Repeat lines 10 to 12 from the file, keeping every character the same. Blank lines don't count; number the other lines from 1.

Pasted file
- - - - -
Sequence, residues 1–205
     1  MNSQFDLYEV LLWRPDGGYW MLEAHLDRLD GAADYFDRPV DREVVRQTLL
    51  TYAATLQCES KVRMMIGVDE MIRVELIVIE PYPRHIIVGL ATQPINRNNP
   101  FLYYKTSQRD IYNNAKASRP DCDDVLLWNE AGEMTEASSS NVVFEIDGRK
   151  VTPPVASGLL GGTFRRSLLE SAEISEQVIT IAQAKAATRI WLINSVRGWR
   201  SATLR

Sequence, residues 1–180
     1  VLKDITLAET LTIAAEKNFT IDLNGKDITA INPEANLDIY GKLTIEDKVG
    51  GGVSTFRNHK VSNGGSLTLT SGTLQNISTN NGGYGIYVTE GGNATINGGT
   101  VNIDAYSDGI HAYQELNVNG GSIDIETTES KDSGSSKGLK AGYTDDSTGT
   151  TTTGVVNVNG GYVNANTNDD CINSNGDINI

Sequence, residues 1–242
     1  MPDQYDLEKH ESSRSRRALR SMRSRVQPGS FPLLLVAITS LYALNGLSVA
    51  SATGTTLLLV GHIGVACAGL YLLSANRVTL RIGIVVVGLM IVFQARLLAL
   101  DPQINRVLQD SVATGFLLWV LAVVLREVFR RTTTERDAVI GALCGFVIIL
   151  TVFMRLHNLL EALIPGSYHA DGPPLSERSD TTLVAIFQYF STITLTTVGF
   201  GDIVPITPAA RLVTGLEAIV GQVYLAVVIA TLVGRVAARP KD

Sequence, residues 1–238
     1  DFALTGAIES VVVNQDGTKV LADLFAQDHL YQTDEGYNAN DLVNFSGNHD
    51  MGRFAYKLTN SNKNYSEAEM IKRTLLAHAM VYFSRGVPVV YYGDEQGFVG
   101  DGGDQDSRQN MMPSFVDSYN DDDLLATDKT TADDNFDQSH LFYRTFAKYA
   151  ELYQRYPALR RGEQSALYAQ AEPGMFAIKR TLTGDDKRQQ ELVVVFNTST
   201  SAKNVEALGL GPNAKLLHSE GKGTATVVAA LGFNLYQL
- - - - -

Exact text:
   101  VNIDAYSDGI HAYQELNVNG GSIDIETTES KDSGSSKGLK AGYTDDSTGT
   151  TTTGVVNVNG GYVNANTNDD CINSNGDINI

Sequence, residues 1–242